Nappy changing is next; she has to change five children within the next ten minutes, an impossible task but she gives it her best shot. She makes the experience a happy one for each child even though her back aches. She ponders on the thought processes of parents who delight in feeding their children beetroot and sweetcorn. The changing room resembles a CSI crime site and she spends a good deal of time cleaning up, ensuring the area is hygienic once more.

Group time next, so Emma assembles her children into a squircle as a circle is simply not sustainable. She combines exciting learning with impressive behaviour management skills. Lunch time follows; she helps children use cutlery safely, looks out for choking hazards and chats about the need for healthy food. She invariably has to pick pasta out of her hair at some point.

During her lunch break, Emma relaxes on the fluffy cushions the setting brought to address staff well-being needs and makes notes for the children’s observation records she has to write next week.

I think the picture is clear. The astonishing thing is that with all that happens during a nursery day, educators pour themselves into the well-being of their children, extend their learning and create a culture of curiosity every single day.

How then, do we start to address staff well-being? Yes, a comfy space for lunches and breaks is lovely; one can cuddle or cry into a soft cushion and feel better. Good coffee and a pack of Hobnobs tend to cheer a tired soul up. Whiteboard affirmations are warming and encouraging.

None of these, however, equip educators and teach them strategies that will consistently improve their well-being. It’s like mopping up the paint spill in the art area that happens every day because the table is unsteady. So, just how do we fix this wobbly table of well-being woe?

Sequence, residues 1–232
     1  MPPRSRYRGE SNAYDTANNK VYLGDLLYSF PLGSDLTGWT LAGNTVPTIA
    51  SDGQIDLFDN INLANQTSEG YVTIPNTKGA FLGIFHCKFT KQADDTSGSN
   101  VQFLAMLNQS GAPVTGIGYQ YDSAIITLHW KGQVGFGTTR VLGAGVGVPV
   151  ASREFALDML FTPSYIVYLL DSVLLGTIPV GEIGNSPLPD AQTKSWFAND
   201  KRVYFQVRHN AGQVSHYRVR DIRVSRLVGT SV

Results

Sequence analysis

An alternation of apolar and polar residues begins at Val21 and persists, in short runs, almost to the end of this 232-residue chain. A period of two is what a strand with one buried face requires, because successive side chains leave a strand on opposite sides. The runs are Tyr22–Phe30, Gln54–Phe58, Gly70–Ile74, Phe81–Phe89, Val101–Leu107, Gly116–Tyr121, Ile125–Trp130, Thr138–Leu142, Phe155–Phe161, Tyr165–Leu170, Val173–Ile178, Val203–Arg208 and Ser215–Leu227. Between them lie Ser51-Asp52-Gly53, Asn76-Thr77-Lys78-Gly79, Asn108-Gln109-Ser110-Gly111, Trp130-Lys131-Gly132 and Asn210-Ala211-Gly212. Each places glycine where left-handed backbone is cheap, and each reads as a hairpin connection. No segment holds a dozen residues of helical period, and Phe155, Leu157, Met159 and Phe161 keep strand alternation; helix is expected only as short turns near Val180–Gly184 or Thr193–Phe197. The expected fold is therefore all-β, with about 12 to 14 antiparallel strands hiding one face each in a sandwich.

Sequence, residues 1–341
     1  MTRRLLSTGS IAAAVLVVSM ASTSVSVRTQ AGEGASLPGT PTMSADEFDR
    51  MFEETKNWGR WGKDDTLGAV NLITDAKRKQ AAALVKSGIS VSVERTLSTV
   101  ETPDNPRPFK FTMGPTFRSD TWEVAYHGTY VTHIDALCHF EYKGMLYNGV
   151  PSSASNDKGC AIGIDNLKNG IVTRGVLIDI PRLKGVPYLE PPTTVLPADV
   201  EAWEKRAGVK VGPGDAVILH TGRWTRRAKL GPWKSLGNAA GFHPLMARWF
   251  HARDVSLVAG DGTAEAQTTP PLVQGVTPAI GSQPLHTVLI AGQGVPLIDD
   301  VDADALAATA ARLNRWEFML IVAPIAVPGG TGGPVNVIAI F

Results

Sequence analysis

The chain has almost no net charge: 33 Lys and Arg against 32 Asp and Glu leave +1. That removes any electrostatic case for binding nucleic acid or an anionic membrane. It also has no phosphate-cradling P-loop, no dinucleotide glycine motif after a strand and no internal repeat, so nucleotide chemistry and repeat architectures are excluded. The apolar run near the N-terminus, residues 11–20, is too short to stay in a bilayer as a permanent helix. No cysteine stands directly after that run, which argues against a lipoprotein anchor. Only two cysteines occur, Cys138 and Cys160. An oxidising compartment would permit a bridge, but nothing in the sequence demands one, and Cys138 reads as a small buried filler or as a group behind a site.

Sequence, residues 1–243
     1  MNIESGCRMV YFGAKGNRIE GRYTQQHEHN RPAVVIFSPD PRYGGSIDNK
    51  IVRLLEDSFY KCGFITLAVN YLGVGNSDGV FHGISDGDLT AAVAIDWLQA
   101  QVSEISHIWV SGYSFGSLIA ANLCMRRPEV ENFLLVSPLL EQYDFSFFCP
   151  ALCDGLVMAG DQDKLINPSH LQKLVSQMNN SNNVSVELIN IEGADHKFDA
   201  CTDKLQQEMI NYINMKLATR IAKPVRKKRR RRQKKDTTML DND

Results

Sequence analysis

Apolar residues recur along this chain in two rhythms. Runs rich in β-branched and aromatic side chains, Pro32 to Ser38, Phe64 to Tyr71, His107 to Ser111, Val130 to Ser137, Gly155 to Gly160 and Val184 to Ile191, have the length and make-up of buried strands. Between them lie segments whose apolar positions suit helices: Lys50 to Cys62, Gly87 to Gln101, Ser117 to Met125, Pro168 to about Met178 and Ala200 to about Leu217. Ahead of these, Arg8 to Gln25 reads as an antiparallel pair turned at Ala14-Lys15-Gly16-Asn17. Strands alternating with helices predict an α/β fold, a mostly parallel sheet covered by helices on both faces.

Self-coaching principles can help. A technique that works well is the ‘I can’ principle.

Ask yourself, what CAN I do to make a difference today?

Choose three achievable ‘I can’ actions, for example;

  • I can take a walk during my break
  • I can read a few chapters in my book before I sleep
  • I can make a date to catch up with a friend

It’s a start. Knowing that you have accomplished these three things at the end of the day will give you a sense of control and achievement. Cultivate an ‘I can’ attitude. Who knows, you may even have time for breakfast tomorrow.

About the author:

Born in Zimbabwe and raised in South Africa, Pam settled in England in 2002.
As an educator of 40 years’ experience, she has the privilege of teaching children from 2-18 years old. For the past 14 years, she has successfully managed early years settings within Brighton & Hove. Noting and understanding the unmet well-being needs of educators within the context of enormous challenges, she founded her EnRich Coaching for Educators business to offer a solution to the industry.

Her passion is coaching, and training early years educators wherever needed in the world, from The Philippines to Ethiopia.

She is a lover of beauty. Exploring new places thrills her soul, from strolling through quintessential British meadows to walking on the Great Wall of China – she sees splendour and intrigue around every corner.

Although she is not inclined to enormous outbursts of energy, she has nonetheless climbed Mt Snowdon and completed a very challenging hiking marathon on the South Downs. She has also indulged in Mongolian wrestling in Ulan Bator but that is another story entirely! Her memoirs have been published and available on Amazon here.